Helping Hands

Neighboring utilities responded with personnel and equipment to help an Indiana water company get back in service after a severe tornado.
Helping Hands
Photos courtesy of Bruce Cunningham, South Harrison (Ind.) Water Corp.

When a band of tornadoes cut across the Midwest last spring, one of the hardest hit communities was Henryville, Ind. There, one resident died and nearly 100 homes, several businesses and the community's school were heavily damaged or destroyed.

Matt Shields, superintendent of Rural Membership Water Corp. (RMWC) in Henryville, saw the system essentially shut down by the March 2 storm, which damaged a booster pump station, the main control building, and a 280,000-gallon storage tower.

After the F4 tornado hit town on Friday at 3:30 p.m., the water system was out of service. A lack of power rendered the staff unable to pump water or balance the system. Water quality was compromised because the twister ripped the roof vent and manway cover from the largest water tower, exposing the water to the elements and storm debris.

For Shields and his crew, the damage marked the beginning of a weeklong push to restore normal operations. Key to the recovery was an infusion of help from neighboring waters systems, contractors and state organizations who contributed manpower, equipment and advice.

It took two days for crews to restore service to more than 90 percent of the system, which serves 3,000 accounts. By the Tuesday after the storm, after more than four long days of repairs and testing, pressure was restored and lines were flushed throughout the system. The water tower would not go back online for three months, but otherwise the RMWC was back to normal.

Shields credits help from many corners for RMWC's quick recovery: "The people who were involved, we couldn't have done half of it without them." He found the outpouring of help inspiring, "Not only on the professional side, but on the personal side. Seeing the people pour in to help gave us hope that we could recover."

Warning pays off

Henryville received warning of the storm and Shields sent his two office workers home at about 2 p.m. while retreating with his two technicians to a fire station several blocks away. They had a good view of the tornado as it approached and as it left, but they took shelter inside the station when the twister hit the center of town.

When the storm passed, Shields and his crew went to check on their loved ones and homes. After making sure that his wife and 4-year-old son were safe, Shields met his crew at the fire station just in time to take shelter from a second storm, a super-cell thunderstorm that pelted the community with hail "as big as softballs" and carried a smaller F1 tornado that did not touch down.

As soon as that storm cleared, Shields issued a "Boil Water" advisory. At about 6 p.m., he met with the fire chief and other emergency officials.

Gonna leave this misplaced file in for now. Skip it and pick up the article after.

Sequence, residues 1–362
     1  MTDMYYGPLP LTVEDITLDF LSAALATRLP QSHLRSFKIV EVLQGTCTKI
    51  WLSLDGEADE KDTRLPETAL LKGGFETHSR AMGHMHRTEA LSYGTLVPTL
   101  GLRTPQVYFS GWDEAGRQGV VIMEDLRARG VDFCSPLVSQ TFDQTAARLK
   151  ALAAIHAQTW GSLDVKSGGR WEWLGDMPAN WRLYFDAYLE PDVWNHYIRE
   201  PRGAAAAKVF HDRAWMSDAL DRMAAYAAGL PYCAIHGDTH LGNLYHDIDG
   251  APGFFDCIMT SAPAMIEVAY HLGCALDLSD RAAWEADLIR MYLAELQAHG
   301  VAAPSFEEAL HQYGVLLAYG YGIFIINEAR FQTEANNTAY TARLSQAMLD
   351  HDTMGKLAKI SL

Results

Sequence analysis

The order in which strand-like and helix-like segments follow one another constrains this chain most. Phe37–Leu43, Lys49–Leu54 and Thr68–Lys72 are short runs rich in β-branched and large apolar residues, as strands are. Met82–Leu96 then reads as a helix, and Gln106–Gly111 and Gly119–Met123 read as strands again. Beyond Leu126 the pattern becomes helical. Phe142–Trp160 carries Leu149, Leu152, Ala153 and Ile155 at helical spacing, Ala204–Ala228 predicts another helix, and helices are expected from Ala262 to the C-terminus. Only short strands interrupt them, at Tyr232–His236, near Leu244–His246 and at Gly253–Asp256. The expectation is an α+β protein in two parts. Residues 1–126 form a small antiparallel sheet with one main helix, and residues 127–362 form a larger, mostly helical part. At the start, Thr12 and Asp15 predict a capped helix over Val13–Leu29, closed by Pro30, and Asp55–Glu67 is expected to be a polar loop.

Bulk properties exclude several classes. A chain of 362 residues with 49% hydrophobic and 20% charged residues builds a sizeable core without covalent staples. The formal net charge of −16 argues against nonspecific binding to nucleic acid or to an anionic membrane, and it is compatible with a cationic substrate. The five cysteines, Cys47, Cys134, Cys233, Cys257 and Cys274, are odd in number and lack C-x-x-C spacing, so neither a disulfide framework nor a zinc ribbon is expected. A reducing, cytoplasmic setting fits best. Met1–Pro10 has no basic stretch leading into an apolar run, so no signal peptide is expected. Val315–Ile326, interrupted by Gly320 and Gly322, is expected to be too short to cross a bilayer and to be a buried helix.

Starting the recovery

RMWC lost power to its system, which includes three tanks (280,000-, 250,000- and 80,000-gallon capacities), two pump stations, the control building, and an office building. Shields called Tom Nelson of TNT Technologies in nearby Floyds Knob, who services the utility's SCADA controls and electrical systems. He in turn contacted several nearby water utilities to locate portable generators to help RMWC get running again.

RMWC buys treated water from Sellersburg and the Stucker Fork Water Utility, and the storm did not interfere with the bulk water supplies, so Shields' focus was on re-establishing delivery of water to customers whose homes had not been devastated. The challenges included developing a plan that bypassed the damaged tower and sent water to the 250,000-gallon storage tank.

But first, Shields divided the town with employees Eric Marcum and Kenny Dunn, and they began tracking down the many leaking waterlines at homes and buildings damaged or destroyed. They closed valves on water lines serving streets in the most damaged parts of town and began turning water off at the meter boxes of individual damaged buildings.

Some customers on the south side of Henryville actually rely upon pressure from Sellersburg. When nearby South Harrison sent a 100 kW Caterpillar diesel generator, Nelson helped Shields power up a pump station and start moving water to a zone on the west side of town by about midnight.

A 75 kW generator supplied by Ramsey Water Company powered up the control building at the base of the damaged tower. The pre-fabricated building from Engineered Fluid had survived with no damage other than some strained areas in its seams.

With the pump station and control building up and running, Shields saw the first ray of hope. "By then, I knew I had water for at least half of my customers for the night, and some others had water available from the pressure in the standpipe at the 280,000-gallon tower," says Shields. He and his crew called it a day at about 1 a.m. Saturday.

Help on the way

Meanwhile, Gordon Meyer, a circuit rider for Alliance of Indiana Rural Water, saw the news from Henryville and got permission from his executive director to help RMWC. Meyer, an Air Force veteran with broad water system training and experience, has worked with Alliance since 1999. He has helped other utilities after disasters, but the Henryville tornado was a new experience.

He arrived in Henryville Saturday morning and spent most of the next week at Shields' side, serving as a sounding board on operational decisions and calling Alliance members when Shields needed equipment or manpower. "When you're dealing with this kind of damage, your mind is going a million miles a minute," says Shields. "Gordon was like my notepad, keeping track of the things we did and what I said we needed to do."

On Saturday, work crews from the Sellersburg and the Silver Creek Water Corp. arrived with several additional generators, used to power the RMWC office and the SCADA equipment at the two water towers still in service. Jason Lewis led the crew from Silver Creek and public works director Keith Alexander led the Sellersburg team. They helped RMWC employees search for leaks and turn off water services.

"By then we knew what our situation was," Shields says. "We had to go around shutting meter pits off before we could restore pressure to many parts of the system."